[Topcools editor’s comment: This WSJ article is confirming more common lead to more consent in conscientious and sub-conscientious level, thus less dispute and resent. Common culture, similar family, similar thinking, value, hobbies, background, interest, habits, tolerance level can significantly cut your 50% chance of failure. People from same province, similar family has advantage because consent in conscientious level can be faked due to sex attractiveness or suppressed due to unbalanced male/female ratio]
From Wall Street Journal: Aug. 21, 2014 11:46 a.m. ET —————————————
The More Subconscious Negativity in a Newlywed, the Larger the Decline in Marital Satisfaction Four Years Later
Lots of things out there come with a 50% chance of occurring—a coin toss coming up heads, of course; having one shared birthday among 25 people at a party; being born with webbed toes if a parent and grandparent have them; running out of money by 30 years after retirement with a typical financial portfolio; and, according to many studies over recent decades, having a marriage end in divorce.
That last factoid, along with the incidence of marriages that stay intact but founder, is a doozy. So it isn’t surprising that lots of science and pseudoscience has gone into identifying predictors of successful marriages.
Scientists have used brain scanners to peek inside people’s heads while they think about their spouses. Others ask couples to discuss one of their relationship’s contentious issues and collect data about body language during the ensuing argument. And then there are the Harvard mathematicians who report an enormous likelihood that a marriage will succeed if a couple gives the same answers to just three questions: “Do you like horror movies?” “Have you ever traveled around another country alone?” and “Wouldn’t it be fun to chuck it all and go live on a sailboat?”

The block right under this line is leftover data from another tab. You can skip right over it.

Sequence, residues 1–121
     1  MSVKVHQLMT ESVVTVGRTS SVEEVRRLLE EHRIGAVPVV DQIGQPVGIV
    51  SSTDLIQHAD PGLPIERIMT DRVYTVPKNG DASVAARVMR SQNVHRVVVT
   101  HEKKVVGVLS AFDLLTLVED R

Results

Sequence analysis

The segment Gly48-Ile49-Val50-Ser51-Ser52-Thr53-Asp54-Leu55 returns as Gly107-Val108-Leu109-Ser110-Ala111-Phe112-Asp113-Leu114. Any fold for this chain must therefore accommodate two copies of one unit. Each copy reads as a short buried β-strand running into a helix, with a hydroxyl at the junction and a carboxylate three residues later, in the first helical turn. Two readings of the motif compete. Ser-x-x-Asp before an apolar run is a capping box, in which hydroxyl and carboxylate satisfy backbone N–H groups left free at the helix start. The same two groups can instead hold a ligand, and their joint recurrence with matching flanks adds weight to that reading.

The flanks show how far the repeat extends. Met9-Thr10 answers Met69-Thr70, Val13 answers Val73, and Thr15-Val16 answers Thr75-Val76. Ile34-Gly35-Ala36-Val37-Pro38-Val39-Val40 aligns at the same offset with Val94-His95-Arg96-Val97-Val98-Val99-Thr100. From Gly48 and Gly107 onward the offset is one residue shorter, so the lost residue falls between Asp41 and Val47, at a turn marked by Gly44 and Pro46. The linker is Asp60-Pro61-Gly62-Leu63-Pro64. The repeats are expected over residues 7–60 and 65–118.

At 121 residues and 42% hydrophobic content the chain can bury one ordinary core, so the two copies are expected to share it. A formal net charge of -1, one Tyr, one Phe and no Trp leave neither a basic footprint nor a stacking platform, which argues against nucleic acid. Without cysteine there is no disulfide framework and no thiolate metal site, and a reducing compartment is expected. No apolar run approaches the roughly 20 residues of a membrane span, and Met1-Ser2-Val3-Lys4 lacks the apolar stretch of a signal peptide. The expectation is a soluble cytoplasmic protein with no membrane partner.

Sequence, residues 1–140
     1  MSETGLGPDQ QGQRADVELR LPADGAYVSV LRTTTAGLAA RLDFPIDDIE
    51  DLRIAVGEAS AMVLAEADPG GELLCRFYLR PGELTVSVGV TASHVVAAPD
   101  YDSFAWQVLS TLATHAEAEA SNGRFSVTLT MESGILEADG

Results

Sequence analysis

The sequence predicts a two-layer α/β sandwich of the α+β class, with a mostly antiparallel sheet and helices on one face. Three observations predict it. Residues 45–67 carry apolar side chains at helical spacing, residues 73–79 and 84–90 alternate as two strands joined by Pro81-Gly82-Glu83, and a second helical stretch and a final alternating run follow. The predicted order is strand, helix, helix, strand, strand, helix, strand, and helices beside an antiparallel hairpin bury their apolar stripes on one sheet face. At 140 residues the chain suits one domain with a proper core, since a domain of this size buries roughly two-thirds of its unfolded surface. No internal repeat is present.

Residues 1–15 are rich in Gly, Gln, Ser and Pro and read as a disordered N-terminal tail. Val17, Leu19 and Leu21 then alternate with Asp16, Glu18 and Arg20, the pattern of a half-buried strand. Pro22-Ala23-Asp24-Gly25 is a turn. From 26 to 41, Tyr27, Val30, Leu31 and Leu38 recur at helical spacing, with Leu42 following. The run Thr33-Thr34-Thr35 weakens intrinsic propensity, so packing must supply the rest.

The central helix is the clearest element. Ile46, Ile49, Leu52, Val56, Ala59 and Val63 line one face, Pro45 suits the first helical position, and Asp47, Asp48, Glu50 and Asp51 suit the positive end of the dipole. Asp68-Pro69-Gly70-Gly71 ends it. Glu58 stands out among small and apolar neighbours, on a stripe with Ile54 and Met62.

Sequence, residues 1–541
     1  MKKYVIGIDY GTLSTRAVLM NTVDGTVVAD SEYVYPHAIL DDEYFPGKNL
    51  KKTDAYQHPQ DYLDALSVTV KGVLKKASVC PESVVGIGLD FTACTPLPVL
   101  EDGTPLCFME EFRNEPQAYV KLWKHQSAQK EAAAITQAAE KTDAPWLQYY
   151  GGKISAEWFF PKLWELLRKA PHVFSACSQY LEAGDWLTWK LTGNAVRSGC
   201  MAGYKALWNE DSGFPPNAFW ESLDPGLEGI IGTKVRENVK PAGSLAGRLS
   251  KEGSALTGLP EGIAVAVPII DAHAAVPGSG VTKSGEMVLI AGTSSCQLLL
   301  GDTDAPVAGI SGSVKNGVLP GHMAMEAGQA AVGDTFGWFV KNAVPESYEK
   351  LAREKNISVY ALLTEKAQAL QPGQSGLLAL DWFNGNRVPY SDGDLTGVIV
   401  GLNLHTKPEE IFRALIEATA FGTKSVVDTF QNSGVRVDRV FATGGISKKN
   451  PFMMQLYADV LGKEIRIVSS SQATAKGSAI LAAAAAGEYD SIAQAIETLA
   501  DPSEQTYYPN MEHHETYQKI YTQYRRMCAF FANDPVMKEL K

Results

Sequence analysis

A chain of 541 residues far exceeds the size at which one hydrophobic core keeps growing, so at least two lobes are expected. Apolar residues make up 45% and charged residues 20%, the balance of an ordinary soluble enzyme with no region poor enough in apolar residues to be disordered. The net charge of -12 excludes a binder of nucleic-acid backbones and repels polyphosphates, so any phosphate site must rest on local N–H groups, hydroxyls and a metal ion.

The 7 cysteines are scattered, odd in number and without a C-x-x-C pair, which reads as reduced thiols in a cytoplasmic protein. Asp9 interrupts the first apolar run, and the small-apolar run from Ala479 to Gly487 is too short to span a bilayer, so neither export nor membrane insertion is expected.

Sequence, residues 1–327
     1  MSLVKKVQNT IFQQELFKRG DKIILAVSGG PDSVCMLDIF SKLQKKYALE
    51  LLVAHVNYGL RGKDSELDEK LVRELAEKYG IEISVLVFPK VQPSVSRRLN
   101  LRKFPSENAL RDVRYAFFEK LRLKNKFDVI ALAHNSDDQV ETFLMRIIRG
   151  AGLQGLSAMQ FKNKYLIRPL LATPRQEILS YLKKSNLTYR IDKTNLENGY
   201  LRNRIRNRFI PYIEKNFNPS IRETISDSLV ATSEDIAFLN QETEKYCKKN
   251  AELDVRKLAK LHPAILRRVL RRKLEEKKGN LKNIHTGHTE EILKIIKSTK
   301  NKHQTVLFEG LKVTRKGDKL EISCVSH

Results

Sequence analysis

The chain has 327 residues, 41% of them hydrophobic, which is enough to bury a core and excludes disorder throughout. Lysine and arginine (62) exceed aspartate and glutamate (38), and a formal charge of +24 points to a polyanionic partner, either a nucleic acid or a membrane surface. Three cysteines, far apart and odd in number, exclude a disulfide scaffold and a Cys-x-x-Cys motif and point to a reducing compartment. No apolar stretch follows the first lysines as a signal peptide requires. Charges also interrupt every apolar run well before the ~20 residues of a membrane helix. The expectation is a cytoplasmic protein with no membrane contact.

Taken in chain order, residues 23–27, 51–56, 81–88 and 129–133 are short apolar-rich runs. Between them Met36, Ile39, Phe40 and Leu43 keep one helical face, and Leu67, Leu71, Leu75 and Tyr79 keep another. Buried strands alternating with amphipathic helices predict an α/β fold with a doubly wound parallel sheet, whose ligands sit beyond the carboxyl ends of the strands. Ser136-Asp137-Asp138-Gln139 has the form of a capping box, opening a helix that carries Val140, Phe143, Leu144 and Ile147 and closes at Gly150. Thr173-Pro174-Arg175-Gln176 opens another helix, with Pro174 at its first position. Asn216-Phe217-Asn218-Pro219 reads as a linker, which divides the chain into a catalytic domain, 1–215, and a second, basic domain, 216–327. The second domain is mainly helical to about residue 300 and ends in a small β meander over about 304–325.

An excellent 2013 paper in the journal Science adds important insights to the matter.
The research, led by James McNulty of Florida State University, involved members of 135 newlywed couples who answered a standard survey about the quality of their marriages. The scientists intermittently collected similar data from them over the next four years.
First off, they found that ratings of marital satisfaction declined over time, something reported previously. They also learned that the answers from newlyweds predicted nothing about marital satisfaction four years later.
But the scientists also measured something else in those newlyweds, using an “associative priming task.”
This involves briefly flashing a series of words like “wonderful” or “odious” on a screen; subjects have to quickly press one of two buttons, depending on whether the word has positive or negative connotations.
Now comes the subconscious manipulation.
Just before each word, the researchers flashed up a picture of a random face for an instant—300 milliseconds—too fast for people to be consciously certain about what they saw but enough time for our subconscious, emotional brain circuitry to be certain. If the face evokes positive feelings, the brain immediately takes on something akin to a positive mind-set; if the word flashed up an instant later is a positive one, the brain quickly detects it as such. But if the word is negative, there is an instant of subconscious dissonance—”I was feeling great, but now I have to think about that word that means ‘inconsiderate jerk who doesn’t replace the toilet paper.’ ” And it takes a few milliseconds longer to hit the “negative” key. Conversely, display faces with negative connotations, and there is that dissonance-induced minuscule delay in identifying positive terms.
So in the study, the rapid-fire sequence of faces/words included a picture of one’s new spouse, revealing automatic feelings about the person’s beloved. That led to the key finding: The more subconscious negativity in a newlywed, the larger the decline in marital satisfaction four years later.
Did subjects understand what the priming task was about? No, and people’s automatic responses were unrelated to their answers on the questionnaire. Was that discrepancy due to an unwillingness to answer honestly, or were people unaware of their automatic attitudes? It is impossible to tell. Did people with the most positive automatic feelings about their spouses subsequently develop fewer problems in their marriages, or were they less sensitive to the usual number of problems? Subtle data analysis suggested the latter.
What does this study tell us, beyond suggesting that lovebirds should probably take this nifty computerized test before marrying? It reminds us, like much we learn about the brain and behavior, that we are subject to endless, internal biological forces of which we are unaware.